"I used the Waves Renaissance Channel on the A, B and C auxes. I use the RChannel on all my vocals. It's basically a combination of the RCompressor, the REQ, and the RVox, all in one, and it's great. For this record I used a pretty cool preset called 'CloseWarmVox', and I tweaked from there. You can see that it rolls off at the bottom and it has a little touch at the top. I almost used it as a filter on this particular song to get clarity in the bottom, add some high and have a bit of compression. I also used it on T–Pain's vocals.
"In addition, I used the Waves De–esser and Renaissance Vox on both Flo's and T–Pain's vocals. With the De–esser on Flo I cut around 5424Hz and T–Pain around 4500Hz. Some people put a de–esser on an aux, but I find that this doesn't really grab the frequency enough. So I de–ess twice. I will first grab a mid–frequency with a plug–in directly on the channel, and I will then put a de–esser on an aux. You will see my second de–esser on the Mix Window, on the 'Verse' auxiliary track.
"The RVox got rid of extreme peaks on both Flo and T–Pain's vocals. I used it to just clean things up if there were big level differences. But it's not hitting the vocals heavy, it only works when the vocals hit the threshold. It also has a great gating feature, and so it cleans up little blips here and there. The settings on all plug–ins were very similar for both Flo and T–Pain, because they have very similar voices. I had the McDSP Analog Channel only on T–Pain, though, basically to take off some edge. I use that plug–in when vocals are a little too brittle or bright. It really simulates hitting a tape recorder, and it also provides a little bit of analogue tape compression. It's a pretty good plug–in and you can select different tape recorders, like Tascam, Ampeg, Studer and so on. For this record I used the Studer preset.
"For space around the vocals I used the Digidesign Revibe, and the Echo Farm delay and Waves S1 Imager on the Aux tracks called '1/4', '1/8', 'Tape1/4' and 'Tape 1/8'. Oh, and there was a Metaflanger spread on the 'Spread' aux track, affecting the hook. The '1/4' denotes quarter–note delay and '1/8' eighth–note delay, using the Echo Farm. I use that a lot. It's cool because it simulates tape delay and it gives this kind of old Beatle–esque delay. Basically, '1/4' and '1/8' are the clean–sounding delays, and 'Tape 1/4' and 'Tape 1/8' are dirty–sounding delays. I put the S1 Stereo Imager straight after the Echo Farm, to get the delay just a little bit out of phase, so you're feeling it more than hearing it. I do this pretty much on every record that I do.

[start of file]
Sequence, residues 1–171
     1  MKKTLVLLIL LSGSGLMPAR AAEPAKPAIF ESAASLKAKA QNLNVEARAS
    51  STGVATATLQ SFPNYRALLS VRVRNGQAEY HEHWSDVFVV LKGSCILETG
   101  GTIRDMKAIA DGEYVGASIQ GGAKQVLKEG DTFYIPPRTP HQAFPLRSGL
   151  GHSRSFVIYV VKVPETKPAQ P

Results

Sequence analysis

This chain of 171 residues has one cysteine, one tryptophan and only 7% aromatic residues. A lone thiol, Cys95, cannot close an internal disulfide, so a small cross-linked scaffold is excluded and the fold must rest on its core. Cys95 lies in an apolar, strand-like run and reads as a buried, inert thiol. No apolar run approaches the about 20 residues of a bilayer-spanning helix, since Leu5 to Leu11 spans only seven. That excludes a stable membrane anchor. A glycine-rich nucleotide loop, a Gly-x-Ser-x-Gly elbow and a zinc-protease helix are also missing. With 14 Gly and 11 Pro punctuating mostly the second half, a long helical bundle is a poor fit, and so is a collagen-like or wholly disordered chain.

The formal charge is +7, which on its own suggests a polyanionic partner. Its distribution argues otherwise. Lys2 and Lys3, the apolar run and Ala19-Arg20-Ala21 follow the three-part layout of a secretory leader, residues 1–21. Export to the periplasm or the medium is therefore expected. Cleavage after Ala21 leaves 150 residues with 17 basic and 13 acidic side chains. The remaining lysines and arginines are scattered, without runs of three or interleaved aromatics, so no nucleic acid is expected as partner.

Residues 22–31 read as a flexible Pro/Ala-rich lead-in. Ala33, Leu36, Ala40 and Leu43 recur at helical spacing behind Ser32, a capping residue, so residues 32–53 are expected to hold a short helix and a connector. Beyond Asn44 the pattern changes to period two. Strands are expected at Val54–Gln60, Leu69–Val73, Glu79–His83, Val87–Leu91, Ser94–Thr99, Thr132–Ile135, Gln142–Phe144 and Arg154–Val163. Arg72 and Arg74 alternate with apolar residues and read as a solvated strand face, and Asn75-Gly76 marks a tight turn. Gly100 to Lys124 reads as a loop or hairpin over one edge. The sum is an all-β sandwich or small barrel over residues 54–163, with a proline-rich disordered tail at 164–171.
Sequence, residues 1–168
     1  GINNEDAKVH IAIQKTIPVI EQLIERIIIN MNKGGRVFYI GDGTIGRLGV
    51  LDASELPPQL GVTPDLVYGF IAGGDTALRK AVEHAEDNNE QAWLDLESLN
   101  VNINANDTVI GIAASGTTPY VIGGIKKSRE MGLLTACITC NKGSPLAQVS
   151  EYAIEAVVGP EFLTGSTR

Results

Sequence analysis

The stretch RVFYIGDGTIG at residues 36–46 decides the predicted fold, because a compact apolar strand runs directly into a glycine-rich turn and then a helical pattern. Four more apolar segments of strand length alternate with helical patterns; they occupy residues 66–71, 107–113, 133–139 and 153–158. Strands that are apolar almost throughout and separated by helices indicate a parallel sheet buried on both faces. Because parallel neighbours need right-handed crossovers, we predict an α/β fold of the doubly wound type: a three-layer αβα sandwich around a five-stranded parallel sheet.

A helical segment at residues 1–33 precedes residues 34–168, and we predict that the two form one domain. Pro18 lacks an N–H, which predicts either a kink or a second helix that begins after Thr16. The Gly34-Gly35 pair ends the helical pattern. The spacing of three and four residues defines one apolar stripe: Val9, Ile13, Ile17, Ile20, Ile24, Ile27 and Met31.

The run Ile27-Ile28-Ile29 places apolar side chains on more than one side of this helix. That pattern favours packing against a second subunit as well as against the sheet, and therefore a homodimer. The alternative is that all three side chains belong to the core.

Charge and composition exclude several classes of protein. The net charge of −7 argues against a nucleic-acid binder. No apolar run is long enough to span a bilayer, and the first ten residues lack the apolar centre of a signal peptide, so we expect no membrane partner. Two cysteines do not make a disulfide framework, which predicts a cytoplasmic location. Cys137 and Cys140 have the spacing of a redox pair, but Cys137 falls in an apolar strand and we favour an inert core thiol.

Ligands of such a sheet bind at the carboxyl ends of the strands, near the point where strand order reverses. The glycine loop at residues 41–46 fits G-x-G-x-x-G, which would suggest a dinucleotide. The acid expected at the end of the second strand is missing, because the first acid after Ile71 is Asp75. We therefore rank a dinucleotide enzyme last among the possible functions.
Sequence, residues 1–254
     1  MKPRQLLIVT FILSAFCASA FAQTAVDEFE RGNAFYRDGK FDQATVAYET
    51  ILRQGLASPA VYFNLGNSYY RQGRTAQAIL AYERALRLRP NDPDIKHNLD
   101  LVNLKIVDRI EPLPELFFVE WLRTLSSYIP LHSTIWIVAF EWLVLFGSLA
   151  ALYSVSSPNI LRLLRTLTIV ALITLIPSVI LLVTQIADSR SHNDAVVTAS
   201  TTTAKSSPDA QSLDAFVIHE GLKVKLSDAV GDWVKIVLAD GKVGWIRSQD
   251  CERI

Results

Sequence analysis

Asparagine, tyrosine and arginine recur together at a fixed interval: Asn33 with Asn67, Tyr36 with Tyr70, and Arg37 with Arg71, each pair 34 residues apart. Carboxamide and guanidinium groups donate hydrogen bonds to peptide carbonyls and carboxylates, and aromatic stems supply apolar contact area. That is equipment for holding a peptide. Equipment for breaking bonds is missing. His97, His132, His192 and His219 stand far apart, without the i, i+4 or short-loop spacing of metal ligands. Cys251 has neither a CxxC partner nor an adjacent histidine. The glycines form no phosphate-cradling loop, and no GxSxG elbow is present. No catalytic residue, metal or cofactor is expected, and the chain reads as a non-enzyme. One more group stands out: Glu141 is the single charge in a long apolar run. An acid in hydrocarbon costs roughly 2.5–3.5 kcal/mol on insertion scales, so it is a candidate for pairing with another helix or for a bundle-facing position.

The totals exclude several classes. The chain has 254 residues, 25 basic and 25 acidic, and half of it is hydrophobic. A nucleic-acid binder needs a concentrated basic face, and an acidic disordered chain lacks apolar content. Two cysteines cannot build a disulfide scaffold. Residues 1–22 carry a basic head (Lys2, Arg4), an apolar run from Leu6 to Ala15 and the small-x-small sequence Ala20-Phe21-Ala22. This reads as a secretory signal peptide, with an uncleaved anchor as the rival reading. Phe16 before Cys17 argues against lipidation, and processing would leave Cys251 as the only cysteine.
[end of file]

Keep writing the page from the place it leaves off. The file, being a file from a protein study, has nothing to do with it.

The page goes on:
"The rest was done outside of the box. I used the Neve desk for EQ, and on the hook, ie. on T–Pain, I had a Neve 33609. On Flo I had a matched stereo pair of Distressors. I would have a hundred Distressors if I could. I use them on everything, vocals, drums, bass, guitars. They are just magical. Finally, I sent all the vocals through a Dolby 740. It's an old Dolby unit that was made for film music. It acts like a compressor, but it's an EQ. You can set it so that when the guy sings harder, he sounds a bit brighter. It's a really interesting device, and it gives me a glistening on the voice that no other EQ can give me."Drums: Fairchild 660, Waves Renaissance Bass, Digidesign Revibe, API 560, Neve 8068 EQ, Empirical Labs Distressor, Drawmer MX40
"The Fairchild 660 plug–in is on the 'Boom' track, which is an 808 running through the whole track. It provides the bass for the song. The 660 has a nice smooth sound, and it really controls all the peaks. There are no compressors on my Neve board, so I had to use the 660. I added the RBass [bass enhancer] to the 'Hitz' track, because it was a high–pitched orchestra stab, and I added an octave below. The main reverb was the Revibe, routed via bus 55–56, just to give some space to the 'Hitz' sound. I had that automated so it would pop up in certain parts. I also used an API 560 on the clap.